Examples of innovation through MODSIM

Consider, for example, the German company, EVUM Motors.

EVUM Motors wanted to be first to market with its aCar, a modular electric utility vehicle. The goal was to develop a green, affordable 4×4 work truck that could handle a variety of tasks, run on rugged terrains, and be easily manufactured and financed in developing and emerging countries.

“There is a short window of time for entry into electromobility. You have to be quick with a reliable, full developed product on the market,” said Martin Ŝoltès, co-founder and managing director of EVUM Motors.

As it worked to establish itself in the highly-competitive EV industry, EVUM Motors used CATIA on the 3DEXPERIENCE platform to connect design, engineering and manufacturing teams to quickly deliver access to digital design and simulation applications. Today, EVUM Motors is getting ready to produce the aCar from its manufacturing facility in Bayerbach, Germany.

Ŝoltès credits the 3DEXPERIENCE on cloud for helping EVUM motors “accelerate development.”

The MODSIM approach was also critical for the French start-up NAAREA, which used the 3DEXPERIENCE platform to develop a virtual twin of XAMR, its pioneering micro nuclear reactor.

Virtual twin technology enabled the company to simultaneously design and simulate, managing all design, engineering and manufacturing processes within a centralized ecosystem, developing the project from the ground up in just 18 months.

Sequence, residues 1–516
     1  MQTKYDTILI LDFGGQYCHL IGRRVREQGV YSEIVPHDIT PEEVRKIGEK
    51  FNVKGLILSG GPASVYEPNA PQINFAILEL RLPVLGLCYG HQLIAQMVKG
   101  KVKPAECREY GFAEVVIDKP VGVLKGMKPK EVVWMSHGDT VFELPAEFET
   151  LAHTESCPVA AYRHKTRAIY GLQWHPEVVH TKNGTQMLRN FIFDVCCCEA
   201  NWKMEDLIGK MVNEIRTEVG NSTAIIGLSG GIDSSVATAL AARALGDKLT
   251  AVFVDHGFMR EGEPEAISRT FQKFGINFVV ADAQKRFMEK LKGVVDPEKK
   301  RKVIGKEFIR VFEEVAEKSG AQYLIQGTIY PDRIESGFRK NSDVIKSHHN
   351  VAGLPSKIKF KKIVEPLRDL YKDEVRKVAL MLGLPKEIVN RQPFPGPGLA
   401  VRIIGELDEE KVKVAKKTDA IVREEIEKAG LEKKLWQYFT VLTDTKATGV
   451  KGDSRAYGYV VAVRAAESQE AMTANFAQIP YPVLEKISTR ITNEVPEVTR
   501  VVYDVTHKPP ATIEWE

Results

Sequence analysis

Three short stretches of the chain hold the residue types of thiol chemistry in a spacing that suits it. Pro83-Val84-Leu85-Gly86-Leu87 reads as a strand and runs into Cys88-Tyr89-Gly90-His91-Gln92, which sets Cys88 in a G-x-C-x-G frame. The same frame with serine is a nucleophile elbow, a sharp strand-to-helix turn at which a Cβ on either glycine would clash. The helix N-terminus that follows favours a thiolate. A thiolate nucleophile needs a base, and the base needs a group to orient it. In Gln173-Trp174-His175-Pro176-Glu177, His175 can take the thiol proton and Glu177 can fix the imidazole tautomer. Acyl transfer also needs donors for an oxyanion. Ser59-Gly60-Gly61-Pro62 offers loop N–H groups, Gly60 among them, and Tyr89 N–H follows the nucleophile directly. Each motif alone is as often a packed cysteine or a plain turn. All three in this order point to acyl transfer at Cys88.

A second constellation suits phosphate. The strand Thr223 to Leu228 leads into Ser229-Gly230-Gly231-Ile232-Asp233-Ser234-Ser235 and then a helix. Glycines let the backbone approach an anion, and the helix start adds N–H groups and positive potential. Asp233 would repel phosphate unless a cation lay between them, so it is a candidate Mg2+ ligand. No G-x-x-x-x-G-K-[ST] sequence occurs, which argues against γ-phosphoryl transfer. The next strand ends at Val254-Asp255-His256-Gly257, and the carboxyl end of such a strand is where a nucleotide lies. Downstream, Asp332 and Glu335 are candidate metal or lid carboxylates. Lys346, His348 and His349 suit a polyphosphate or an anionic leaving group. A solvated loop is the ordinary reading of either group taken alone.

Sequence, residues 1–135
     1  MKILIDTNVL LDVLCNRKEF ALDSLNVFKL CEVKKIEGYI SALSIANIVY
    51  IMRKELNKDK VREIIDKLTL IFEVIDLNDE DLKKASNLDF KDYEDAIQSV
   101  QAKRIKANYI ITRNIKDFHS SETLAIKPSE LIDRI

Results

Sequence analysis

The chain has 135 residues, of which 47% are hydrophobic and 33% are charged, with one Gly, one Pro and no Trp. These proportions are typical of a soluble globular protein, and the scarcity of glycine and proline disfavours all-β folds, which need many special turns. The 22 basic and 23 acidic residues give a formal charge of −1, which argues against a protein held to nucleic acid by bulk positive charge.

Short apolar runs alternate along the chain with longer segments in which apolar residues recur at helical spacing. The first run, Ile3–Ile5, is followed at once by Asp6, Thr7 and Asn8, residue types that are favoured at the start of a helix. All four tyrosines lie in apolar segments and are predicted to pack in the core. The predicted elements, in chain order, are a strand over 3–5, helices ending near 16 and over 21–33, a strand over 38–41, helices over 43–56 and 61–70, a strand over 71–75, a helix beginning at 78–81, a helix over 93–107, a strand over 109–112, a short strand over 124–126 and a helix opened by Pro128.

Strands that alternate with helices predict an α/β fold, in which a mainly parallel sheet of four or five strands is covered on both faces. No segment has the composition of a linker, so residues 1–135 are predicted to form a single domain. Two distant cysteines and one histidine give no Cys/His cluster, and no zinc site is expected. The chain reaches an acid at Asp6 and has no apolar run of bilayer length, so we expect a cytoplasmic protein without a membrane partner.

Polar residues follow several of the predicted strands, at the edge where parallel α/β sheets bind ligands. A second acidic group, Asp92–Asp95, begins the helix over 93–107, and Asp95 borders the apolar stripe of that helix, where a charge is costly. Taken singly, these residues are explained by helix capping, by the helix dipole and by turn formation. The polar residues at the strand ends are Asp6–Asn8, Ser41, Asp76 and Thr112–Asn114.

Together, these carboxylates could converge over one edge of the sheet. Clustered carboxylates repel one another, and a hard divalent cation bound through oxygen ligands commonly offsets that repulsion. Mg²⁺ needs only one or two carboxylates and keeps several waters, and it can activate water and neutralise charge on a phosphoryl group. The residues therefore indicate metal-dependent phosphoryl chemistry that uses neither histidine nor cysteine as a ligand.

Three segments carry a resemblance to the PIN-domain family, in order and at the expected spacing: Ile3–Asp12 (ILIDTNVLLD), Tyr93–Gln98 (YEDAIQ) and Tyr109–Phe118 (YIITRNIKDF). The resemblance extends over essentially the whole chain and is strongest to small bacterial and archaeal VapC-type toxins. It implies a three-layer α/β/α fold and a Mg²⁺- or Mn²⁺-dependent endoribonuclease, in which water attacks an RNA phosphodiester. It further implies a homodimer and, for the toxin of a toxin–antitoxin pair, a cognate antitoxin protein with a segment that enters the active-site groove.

To achieve its ambitious objective of delivering carbon-free and decentralized energy, French startup NAAREA created a version of the reactor in a virtual environment on the 3DEXPERIENCE platform. They were then able to run laboratory tests and feed data from the experiments into XAMR’s virtual twin to test safety features and analyze performance ahead of its prototype production.

“We want to be on the market by 2030, so we need to move fast,” said Jean-Luc Alexandre, NARREA’s CEO. “The best solution to achieve our goal is the virtual twin. One of the best features is that we can design and simulate as we go, so we can test our ideas and see if they’re worth progressing. The 3DEXPERIENCE platform also supports us to work together in a really collaborative way.”

Did you know it costs about $300 million dollars to develop a rollercoaster? Theme park operators are always seeking faster, bigger and more extreme thrills to lure visitors to their parks, but at that price, they want to be sure the design will be safe and successful before it is even built.

Extreme Analyzes Engineering, an Italian amusement parks and rides engineering company, is using the 3DEXPERIENCE platform to virtually create and test rollercoaster twists and turns to develop new rides, test prototypes and, in turn, reduce development time and running costs.